calendar December 6, 2016 in Congregations

Report Describes “Halo Effect” of Sacred Places

America’s older churches and synagogues bring major economic value to their communities, making an significant contribution to local employment, education, children and families, the performing arts, and overall neighborhood health. A new scholarly study of the “halo effect” of older sacred places – conducted by Partners for Sacred Places in partnership with the University of Pennsylvania (Penn) – shows that the average urban church or synagogue contributes $1.7 million in value to its community each year.

Other highlights from the study:

  • Of the total Halo value of a sacred place, 40% comes from educational programs (including schools and day care programs), 32% from direct spending (congregational budgets and program budgets), and 28% from “catalytic” effects, such as the spending of visitors who come to the church or synagogue for events and programs.
  • 87% of those who benefit from social service, educational or cultural programs housed in the average sacred place are not members of the host congregation, indicating that churches and synagogues are de facto community centers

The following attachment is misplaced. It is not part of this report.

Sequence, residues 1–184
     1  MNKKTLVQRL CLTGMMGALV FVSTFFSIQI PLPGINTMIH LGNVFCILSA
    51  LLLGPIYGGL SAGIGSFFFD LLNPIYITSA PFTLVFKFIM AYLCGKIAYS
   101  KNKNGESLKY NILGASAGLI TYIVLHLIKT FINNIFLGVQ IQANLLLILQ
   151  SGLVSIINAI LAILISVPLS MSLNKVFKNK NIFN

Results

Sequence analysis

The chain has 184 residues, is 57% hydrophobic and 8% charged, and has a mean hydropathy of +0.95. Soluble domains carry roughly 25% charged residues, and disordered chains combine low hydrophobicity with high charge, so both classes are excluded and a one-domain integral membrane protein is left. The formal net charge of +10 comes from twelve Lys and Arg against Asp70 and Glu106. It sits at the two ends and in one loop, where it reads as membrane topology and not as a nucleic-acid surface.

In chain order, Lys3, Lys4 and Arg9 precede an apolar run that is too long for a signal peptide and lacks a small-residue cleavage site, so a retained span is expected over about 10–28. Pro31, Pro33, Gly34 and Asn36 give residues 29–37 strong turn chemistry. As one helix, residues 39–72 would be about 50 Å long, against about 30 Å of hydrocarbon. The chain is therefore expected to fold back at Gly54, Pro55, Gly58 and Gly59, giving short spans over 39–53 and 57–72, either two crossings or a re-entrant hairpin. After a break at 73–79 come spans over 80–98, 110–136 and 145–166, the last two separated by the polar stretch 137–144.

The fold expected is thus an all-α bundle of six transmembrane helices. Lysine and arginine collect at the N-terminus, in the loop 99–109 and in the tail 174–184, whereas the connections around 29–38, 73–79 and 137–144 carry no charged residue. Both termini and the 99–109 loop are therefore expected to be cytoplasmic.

• Each sacred place is a magnet for visitors, attracting 780 visits each week to its neighborhood, on average. The 90 sacred places in the study generated over 3.6 million visits each year, almost 50% of whom came for community programs. Only 11% of those visits were for worship; 31% came for education programs and 9% for special events.

“This study is providing powerful new evidence for our argument that older churches and synagogues are public assets that make enormous contributions to our communities. Everybody has a stake in their stewardship and good use,” said Robert Jaeger, President of Partners for Sacred Places.